'The movement (in the US) has unleashed the built-up anger at a system that murders Black and working people in cold blood,' the Adelaide event says.

'The power of ordinary people is on display. 

'We are also rallying in protest of police violence, racism, and the murder of black people in this country, and in solidarity with the Aboriginal liberation struggle.'

Charlotte, North Carolina: Police stand guard during a protest in downtown Charlotte Saturday night 

Raleigh, North Carolina: Police in riot gear deploy tear gas at protesters front of the the old courthouse on Saturday

In Minneapolis, riots spiralled out of control Saturday night local time as cop cars were torched, stores were looted and at least 11 states activated the National Guard on a fifth night of protests that show no signs of stopping.  

At least three people were killed during protests across the US and dozens more were injured. In Minneapolis, protesters were seen fleeing after cops hurled tear gas into the crowds while some responded by launching fireworks back at officers.  

The National Guard was activated to defend the White House from attack as the Secret Service agents on the ground struggled to keep control of crowds descending on the seat of the US government.

New York was ablaze as NYPD vehicles were torched and ransacked while shocking footage emerged of cops violently detaining protesters. 

A man was left critically injured in Dallas when he was attacked and stomped on by a group of people when he allegedly tried to defend a store with a large sword.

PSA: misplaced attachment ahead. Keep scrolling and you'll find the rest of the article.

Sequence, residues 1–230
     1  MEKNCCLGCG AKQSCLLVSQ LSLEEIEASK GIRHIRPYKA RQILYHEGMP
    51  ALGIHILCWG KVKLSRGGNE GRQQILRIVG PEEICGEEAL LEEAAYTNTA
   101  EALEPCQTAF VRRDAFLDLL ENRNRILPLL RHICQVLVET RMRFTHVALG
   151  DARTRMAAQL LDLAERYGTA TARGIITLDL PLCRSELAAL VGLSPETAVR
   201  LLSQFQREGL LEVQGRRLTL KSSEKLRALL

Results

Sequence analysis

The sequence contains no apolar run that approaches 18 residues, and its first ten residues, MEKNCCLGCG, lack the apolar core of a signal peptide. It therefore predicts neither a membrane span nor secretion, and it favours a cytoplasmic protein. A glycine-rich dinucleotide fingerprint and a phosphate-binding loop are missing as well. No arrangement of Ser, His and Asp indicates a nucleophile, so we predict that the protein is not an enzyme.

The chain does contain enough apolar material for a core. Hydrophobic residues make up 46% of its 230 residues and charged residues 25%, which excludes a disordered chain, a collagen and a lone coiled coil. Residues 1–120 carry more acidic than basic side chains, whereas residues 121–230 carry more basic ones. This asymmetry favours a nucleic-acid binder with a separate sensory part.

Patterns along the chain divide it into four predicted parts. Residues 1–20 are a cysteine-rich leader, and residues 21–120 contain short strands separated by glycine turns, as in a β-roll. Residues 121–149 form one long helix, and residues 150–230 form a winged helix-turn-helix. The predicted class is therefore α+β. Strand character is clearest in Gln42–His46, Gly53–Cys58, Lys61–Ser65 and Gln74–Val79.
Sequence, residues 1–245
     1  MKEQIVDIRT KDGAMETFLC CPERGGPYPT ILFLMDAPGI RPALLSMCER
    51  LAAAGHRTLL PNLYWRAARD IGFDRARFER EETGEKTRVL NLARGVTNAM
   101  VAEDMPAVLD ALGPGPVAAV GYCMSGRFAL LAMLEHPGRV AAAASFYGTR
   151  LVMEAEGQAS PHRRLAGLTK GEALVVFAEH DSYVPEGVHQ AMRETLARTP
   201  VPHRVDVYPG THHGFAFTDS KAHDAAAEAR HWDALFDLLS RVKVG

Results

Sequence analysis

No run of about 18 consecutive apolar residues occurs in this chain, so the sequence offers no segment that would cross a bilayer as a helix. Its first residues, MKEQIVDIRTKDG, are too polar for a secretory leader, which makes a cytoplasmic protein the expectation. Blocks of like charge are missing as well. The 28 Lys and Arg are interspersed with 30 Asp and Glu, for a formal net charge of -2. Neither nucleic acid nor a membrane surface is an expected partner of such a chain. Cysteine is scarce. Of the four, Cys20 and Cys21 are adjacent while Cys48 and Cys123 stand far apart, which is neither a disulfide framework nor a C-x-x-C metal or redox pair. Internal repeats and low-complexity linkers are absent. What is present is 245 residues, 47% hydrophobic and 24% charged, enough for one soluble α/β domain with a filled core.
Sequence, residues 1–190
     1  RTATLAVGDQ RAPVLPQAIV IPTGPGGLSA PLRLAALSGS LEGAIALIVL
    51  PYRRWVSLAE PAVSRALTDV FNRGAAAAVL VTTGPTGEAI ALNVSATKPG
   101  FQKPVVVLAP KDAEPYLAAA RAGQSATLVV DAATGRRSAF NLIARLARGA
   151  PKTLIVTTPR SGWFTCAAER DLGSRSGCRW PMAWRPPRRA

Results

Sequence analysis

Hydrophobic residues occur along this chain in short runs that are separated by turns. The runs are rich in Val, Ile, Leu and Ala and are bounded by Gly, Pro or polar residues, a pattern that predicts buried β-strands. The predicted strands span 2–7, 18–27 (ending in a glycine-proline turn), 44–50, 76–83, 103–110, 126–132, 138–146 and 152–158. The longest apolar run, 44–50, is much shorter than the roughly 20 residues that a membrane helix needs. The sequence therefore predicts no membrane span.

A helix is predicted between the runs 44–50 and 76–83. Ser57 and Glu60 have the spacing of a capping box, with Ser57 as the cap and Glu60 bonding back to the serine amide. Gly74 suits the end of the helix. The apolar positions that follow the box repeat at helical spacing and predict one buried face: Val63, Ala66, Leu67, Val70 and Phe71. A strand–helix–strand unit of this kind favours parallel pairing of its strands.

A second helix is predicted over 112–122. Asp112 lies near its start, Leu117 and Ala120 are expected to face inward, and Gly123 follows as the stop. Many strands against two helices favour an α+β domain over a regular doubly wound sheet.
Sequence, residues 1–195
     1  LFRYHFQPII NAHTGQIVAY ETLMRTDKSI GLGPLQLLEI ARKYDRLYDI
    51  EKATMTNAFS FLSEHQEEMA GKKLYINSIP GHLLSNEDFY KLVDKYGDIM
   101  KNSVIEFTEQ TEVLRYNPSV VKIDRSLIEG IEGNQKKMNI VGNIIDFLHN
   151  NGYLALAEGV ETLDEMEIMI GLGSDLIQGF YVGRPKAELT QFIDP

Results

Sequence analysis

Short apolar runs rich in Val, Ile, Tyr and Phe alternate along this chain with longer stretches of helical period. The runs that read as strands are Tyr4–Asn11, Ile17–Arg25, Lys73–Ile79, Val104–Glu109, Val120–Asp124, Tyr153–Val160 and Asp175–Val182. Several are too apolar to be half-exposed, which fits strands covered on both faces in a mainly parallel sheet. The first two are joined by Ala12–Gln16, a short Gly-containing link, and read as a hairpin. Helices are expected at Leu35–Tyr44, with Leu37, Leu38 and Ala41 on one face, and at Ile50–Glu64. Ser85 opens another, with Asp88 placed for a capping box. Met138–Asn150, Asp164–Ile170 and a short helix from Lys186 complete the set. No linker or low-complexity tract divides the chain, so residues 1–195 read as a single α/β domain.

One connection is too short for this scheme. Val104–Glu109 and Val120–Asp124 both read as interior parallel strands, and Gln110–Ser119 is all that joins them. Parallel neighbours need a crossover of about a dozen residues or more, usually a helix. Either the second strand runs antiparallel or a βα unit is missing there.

In Atlanta a cop suffered 'significant injuries' when they were hit by an ATV, while in Chicago, a man commandeered a police horse and rode off on it. 

Los Angeles deployed the National Guard for the first since the 1992 riots when the police officers who beat up black man Rodney King walked free of all charges and California Governor Gavin Newsom declared a state of emergency in LA County. 

A total of 11 states and the District of Columbia had activated the National Guard by the early hours of Sunday, as law enforcement buckled under the strain of the protests.

States calling for Guard assistance included California, Georgia, Minnesota, Missouri, Nevada, Ohio, Tennessee, Texas, Utah and Washington state. 

Raleigh, North Carolina: Raleigh Police block Fayetteville Street at Hargett Street as they work to return order after a night of violent demonstrations early Sunday morning 

Charlotte, North Carolina: Demonstrators are seen locking arms during a protest on Saturday night in downtown Charlotte 

Meanwhile at least 25 cities roll out emergency curfews to try to bring rioting and looting under control, including San Francisco, Atlanta, Louisville, Los Angeles, Portland, Columbia, South Carolina, Cincinnati, Cleveland and Seattle.

President Trump has put the Army on notice to deploy to the streets with a four-hour notice - the first time this will have been done in almost 20 years during the 1992 LA riots over the beating of black man Rodney King by cops. 

Minnesota - where Floyd died - has born the brunt of the protests which began there Tuesday before fanning out across the country.   

Rioting was still going on in the early hours of Sunday, with the Minneapolis police department reporting a big group of protesters on foot and in vehicles throwing missiles of some sort at cops. 

Minnesota Dept of Corrections Commissioner Paul Schnell announced early Sunday there had been 'dozens' of arrests through the night but no 'substantive' injuries.  

Charlotte, North Carolina: Protesters are seen running from officers who started using tear gas during Saturday night's protest